In the soft-focus universe of romance novelist Nicholas Sparks, North Carolina is not located south of Virginia. It’s a mythical plane, a modern Elysian Fields, a gold-hued Eden where all the steaks are grilled to perfection, sea-glass wind chimes clink delicately in the caress of a Southern breeze, and the beachfront vistas are screensaver-caliber. Of course, just as the pair of grabby nudists got themselves thrown out of Eden, tragedy must too visit the coastal hamlet of Beaufort, N.C. that sets the scene for director Ross Katz’s new adaptation of Sparks’ novel The Choice. But even then, our romantic lead’s dark night of the soul has the good fortune of taking place on an immaculately moonlit beach, beside an aged tree growing in just the perfect shape for a tire swing. North Carolina isn’t where you go to retire; it’s where you go after you die.
But within the most lovingly shot commercial ever produced for the Wrightsville Beach board of tourism, there unfolds a schematic courtship between two humdrum leads, neither of which has whatever magic it is that endears romance characters to audiences. Maybe it’s that leading man Benjamin Walker’s feature are so nondescript and unmemorable that watching him creates a weird facsimile of face-blindness, or maybe it’s that approximately 70 percent of the dialogue consists of one character making a statement, and the other character playfully repeating it back in a cutesy sarcastic tone. Katz creates a world where a person could happily spend the remainder of eternity, but then forces the viewer to follow around two people who would probably be best left to do their own thing.
Travis (Walker) knows what kind of man he is, and so do we: a good ol’ country boy who likes his boat, his brews, and his buds, who has love to give but fears the vulnerability that comes with opening himself up. Travis is like the cop-on-the-edge-who-doesn’t-play-by-the-rules of guys falling in love, which is to say that he’s a reanimation of a very specific collection of clichés. A character as clearly and predictably outlined as Travis needs a distaff counterpart to match. Thankfully, feisty med student Gabby (Teresa Palmer) lives — where else? — right next door. Their tentative coupling begins with love notes ferried from picture-perfect beach house to picture-perfect beach house by puppies, so a taste for high levels of refined glucose is an absolute must for anyone hoping to make it to the end credits.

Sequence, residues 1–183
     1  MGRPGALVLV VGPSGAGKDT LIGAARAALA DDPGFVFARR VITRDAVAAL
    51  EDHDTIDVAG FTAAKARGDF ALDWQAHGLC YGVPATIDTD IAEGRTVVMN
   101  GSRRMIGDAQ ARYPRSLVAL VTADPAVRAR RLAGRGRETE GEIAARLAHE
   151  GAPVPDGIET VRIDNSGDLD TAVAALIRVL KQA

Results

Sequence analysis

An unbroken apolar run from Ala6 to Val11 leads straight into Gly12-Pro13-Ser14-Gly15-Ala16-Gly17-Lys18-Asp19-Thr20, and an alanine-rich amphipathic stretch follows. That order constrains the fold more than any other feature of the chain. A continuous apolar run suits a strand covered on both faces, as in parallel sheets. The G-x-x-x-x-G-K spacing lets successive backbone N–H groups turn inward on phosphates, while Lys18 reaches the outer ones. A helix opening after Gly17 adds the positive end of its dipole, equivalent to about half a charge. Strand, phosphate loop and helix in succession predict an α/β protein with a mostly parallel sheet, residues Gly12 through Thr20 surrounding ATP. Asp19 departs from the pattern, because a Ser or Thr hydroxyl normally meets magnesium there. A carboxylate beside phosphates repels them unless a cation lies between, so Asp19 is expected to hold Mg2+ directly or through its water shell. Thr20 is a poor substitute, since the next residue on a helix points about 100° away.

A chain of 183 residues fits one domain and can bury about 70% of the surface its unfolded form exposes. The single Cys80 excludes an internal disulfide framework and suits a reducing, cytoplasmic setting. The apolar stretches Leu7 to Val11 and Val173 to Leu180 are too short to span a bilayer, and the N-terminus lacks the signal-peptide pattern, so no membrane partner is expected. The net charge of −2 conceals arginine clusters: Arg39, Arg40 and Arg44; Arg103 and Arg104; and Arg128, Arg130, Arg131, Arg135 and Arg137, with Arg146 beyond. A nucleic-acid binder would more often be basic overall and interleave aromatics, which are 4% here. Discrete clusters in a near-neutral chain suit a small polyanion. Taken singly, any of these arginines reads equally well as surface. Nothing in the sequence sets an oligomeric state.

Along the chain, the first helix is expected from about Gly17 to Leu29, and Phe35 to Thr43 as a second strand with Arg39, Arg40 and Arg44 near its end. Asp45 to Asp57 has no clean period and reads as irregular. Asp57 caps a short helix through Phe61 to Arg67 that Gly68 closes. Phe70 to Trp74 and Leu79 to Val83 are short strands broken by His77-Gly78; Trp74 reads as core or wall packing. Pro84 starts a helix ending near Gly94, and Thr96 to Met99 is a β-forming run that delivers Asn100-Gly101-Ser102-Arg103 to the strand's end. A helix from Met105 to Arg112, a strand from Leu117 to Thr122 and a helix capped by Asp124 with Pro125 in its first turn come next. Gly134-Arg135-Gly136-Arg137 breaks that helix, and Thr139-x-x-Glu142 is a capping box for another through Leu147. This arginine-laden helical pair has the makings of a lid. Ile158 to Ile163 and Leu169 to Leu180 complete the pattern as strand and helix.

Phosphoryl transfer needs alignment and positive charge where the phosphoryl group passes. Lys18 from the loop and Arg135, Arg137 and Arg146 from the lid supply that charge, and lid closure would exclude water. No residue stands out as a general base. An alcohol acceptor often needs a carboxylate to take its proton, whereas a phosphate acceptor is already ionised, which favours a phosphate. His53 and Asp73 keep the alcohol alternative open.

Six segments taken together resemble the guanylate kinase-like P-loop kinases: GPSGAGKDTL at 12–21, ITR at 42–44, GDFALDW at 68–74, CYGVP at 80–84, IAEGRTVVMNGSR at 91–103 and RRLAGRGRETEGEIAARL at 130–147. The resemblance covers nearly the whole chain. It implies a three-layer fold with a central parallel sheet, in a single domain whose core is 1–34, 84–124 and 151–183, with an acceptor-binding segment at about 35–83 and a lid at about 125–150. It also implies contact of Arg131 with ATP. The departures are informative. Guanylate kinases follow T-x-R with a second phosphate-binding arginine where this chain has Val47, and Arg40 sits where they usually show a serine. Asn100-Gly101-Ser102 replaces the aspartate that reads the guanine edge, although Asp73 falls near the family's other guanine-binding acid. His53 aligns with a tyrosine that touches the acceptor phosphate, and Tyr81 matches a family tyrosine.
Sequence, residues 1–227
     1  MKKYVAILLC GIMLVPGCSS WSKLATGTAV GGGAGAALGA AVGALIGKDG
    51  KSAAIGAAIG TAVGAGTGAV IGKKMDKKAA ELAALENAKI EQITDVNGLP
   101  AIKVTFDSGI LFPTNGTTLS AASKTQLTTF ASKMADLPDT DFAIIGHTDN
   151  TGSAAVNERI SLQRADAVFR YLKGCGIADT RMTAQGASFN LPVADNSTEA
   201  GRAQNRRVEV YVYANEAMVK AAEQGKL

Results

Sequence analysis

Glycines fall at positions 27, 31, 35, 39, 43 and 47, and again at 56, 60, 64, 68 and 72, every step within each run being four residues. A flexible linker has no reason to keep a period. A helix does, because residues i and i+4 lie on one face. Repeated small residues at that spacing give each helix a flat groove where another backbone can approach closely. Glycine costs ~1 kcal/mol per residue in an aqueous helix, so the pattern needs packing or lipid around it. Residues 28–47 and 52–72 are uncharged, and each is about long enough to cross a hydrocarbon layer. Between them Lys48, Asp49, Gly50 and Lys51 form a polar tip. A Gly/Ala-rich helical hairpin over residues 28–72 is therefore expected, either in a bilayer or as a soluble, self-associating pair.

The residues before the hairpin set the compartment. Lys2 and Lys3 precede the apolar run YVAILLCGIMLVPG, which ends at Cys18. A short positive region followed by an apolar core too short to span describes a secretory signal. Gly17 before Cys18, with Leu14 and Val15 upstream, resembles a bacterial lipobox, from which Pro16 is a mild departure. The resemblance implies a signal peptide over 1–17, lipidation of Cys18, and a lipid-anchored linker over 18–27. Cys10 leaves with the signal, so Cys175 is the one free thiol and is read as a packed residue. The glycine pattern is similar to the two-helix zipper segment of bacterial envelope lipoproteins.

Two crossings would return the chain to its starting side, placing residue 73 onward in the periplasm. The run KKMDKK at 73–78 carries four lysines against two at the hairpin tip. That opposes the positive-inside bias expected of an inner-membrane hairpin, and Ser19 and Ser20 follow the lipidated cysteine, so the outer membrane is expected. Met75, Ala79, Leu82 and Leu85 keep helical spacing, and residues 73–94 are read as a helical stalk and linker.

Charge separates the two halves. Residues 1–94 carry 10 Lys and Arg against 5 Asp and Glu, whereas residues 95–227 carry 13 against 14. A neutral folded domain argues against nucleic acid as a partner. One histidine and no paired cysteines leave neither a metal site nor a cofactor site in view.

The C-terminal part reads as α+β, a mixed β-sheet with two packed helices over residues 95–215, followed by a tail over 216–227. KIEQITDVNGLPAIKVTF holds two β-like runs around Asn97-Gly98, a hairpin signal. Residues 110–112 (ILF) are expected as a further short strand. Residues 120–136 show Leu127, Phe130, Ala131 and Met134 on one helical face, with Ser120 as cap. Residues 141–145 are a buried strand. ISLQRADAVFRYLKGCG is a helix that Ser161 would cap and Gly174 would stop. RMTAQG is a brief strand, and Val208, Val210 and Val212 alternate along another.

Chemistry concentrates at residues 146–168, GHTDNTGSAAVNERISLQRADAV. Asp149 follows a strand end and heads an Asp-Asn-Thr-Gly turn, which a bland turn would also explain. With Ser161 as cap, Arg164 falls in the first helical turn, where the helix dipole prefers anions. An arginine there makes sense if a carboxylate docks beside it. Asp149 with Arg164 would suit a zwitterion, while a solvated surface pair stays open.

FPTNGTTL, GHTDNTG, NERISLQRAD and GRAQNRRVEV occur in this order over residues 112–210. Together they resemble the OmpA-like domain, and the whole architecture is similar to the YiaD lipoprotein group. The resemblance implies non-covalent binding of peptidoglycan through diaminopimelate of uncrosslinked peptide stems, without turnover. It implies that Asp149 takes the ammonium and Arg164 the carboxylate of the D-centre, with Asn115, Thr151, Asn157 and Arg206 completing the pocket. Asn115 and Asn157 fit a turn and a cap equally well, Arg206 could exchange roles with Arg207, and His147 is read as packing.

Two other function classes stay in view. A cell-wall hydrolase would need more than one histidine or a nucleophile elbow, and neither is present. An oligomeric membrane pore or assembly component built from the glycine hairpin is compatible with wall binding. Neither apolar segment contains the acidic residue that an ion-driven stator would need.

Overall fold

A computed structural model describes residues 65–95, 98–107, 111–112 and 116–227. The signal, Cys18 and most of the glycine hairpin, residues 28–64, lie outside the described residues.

In the first hour, Katz makes their gravitation toward one another feel as natural and inevitable as the waves that ceaselessly whisper in the background. Some obstacles threaten to separate them, but Gabby’s boyfriend, Dr. Ryan “Dead Weight” McCarthy (Tom Welling) can be cut loose without too much trouble. In the magical confines of North Carolina, love cannot be denied. It hangs thick in the air and fills everyone’s chest, pairing a lonely old veterinarian (Tom Wilkinson) with one of his repeat clients, and assigning Travis’ brassy sister (Maggie Grace) a husband and child with a single edit.
The title choice may appear to refer to the emotional tug-of-war that Dr. Dead Weight and Travis play with Gabby’s heart, but that’s all resolved in the first 40 minutes or so. The real choice concerns, you guessed it, end-of-life medical care! An outta-nowhere car crash shatters the North Carolinian idyll, leaving Gabby with a bad case of being in a coma and Travis with the most difficult decision of his storybook life. Don’t expect any weighty meditations on the worth of life and who’s qualified to end it, though. Travis’ engagement with his new quandary pretty much stops after some pained-looking sitting and a heart-to-decomposing-heart with his mother’s headstone. Worse still, the resolution to this conflict, the facile tidiness of which I suspect would successfully dissuade many readers from looking into The Choice, is thoroughly bullsh*tty.
Some commercials deliberately misrepresent the movie they’re supposed to be advertising, but with The Choice, all ingredients were clearly labeled on the initial trailer. Eye-singeing North Carolina tourism porn, a love too pure for even this halcyon world, the ultimate trial of tragedy. Not much more to it than that, and for most of the folks who will seek out this film, there doesn’t need to be. The pleasures inherent in small-talk that bleeds into foreplay and kitchens that Nancy Meyers could daydream about are self-evident.